Today, SiFive has released two new cores designed for the lower end of computing. This adds to the company’s existing portfolio of microcontrollers and SoCs based on the Open RISC-V ISA. Over the last two years, SiFive has introduced a number of cores based on the RISC-V ISA, an Open Architecture ISA that gives anyone to design and develop a microcontroller or microprocessor platform. These two new cores fill out the low-power end of SiFive’s core portfolio.
The two new cores included in the announcement are the SiFive E20 and E21, both meant for low-power applications, and according to SiFive presentations, they’re along the lines of an ARM Cortex-M0+ and ARM Cortex-M4. This is a core — it’s not a chip yet — but since the introduction of SiFive’s first microcontrollers, many companies have jumped on the RISC-V bandwagon. Western Digital, for example, has committed to using the RISC-V architecture in SoCs and as controllers for hard drive, SSDs, and NASes.
The first chip from SiFive was the HiFive 1, which was based on the SiFive E31 CPU. We got our hands on the HiFive 1 early last year, and it is a beast. With the standard complement of benchmarks, in terms of raw power, it’s approximately twice as fast as the Teensy 3.6, based on the Kinetis K66, a 180 MHz ARM Cortex-M4F. The SiFive E31 is about 1.5 times as fast as the Teensy 3.6 on a pure calculations per clock basis. This is remarkable because the Teensy 3.6 is our go-to standard for when you want to toggle pins really really fast with a cheap, readily available microcontroller platform.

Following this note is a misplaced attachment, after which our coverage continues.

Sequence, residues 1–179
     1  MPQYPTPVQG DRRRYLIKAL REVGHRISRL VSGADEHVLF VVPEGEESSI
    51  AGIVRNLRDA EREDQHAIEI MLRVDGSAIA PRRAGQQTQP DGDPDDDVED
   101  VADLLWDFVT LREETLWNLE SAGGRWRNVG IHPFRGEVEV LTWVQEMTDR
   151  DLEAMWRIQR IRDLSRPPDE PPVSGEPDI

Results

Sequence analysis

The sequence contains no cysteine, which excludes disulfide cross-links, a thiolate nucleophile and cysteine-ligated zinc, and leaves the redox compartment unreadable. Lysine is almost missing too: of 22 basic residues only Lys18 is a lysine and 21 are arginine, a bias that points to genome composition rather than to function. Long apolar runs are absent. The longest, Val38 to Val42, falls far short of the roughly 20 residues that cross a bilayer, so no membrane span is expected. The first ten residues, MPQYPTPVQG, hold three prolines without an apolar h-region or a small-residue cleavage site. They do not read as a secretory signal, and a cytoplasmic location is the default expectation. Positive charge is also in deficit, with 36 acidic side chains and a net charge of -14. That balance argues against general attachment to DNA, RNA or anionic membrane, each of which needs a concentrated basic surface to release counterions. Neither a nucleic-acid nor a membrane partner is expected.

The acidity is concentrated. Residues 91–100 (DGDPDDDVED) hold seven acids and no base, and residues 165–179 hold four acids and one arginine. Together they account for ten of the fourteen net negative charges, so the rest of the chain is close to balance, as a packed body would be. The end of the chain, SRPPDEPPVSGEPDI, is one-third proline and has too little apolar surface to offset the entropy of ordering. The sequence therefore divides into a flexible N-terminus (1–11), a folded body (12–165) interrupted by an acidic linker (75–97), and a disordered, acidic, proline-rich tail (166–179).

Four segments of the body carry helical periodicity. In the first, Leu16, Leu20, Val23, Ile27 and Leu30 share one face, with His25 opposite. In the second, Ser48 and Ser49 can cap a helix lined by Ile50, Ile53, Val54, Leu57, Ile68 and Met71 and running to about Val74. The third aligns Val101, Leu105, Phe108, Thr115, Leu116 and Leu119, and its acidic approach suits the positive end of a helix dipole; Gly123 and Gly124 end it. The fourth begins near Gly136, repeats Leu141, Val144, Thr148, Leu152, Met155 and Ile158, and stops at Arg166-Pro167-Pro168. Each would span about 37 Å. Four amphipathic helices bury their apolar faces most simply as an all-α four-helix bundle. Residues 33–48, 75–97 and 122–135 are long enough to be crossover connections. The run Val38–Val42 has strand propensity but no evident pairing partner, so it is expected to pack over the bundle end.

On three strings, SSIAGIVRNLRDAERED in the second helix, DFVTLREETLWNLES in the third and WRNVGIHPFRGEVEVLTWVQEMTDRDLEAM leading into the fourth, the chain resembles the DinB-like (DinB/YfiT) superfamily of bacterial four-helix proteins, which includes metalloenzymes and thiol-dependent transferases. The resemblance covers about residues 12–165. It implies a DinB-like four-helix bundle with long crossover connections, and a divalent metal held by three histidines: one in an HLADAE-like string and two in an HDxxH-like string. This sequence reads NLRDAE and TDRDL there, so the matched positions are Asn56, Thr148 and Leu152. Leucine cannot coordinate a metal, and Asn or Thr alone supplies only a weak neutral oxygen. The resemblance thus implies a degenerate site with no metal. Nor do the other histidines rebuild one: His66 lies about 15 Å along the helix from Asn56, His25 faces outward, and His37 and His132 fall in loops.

But sometimes you don’t need the fastest or best microcontroller. To that end, SiFive is looking toward a lower-power microcontroller based on the RISC-V core. The new offerings are built on the E2 Core IP series, with two standard cores. The E21 core provides mainstream performance for microcontrollers, and the E20 core is the most power-efficient core offered by SiFive. In effect, the E21 core is a replacement for the ARM Cortex-M3 and Cortex-M4, while the E20 is a replacement for the ARM Cortex-M0+.
Just a few months ago, SiFive released a gigantic, multicore, Linux-capable processor called the HiFive Unleashed. With support for DDR4 and Gigabit Ethernet, this chip would be more at home in a desktop than an Internet of Things thing. The most popular engine ever produced isn’t a seven-liter turbo diesel, it’s whatever goes into a Honda econobox; likewise, many more low-power microcontrollers like the Cortex-M0 and -M3 are sold than the newer, more powerful, and more expensive chips. Even though it’s not as exciting as a new workstation CPU, the world needs microcontrollers, and the more Open, the better.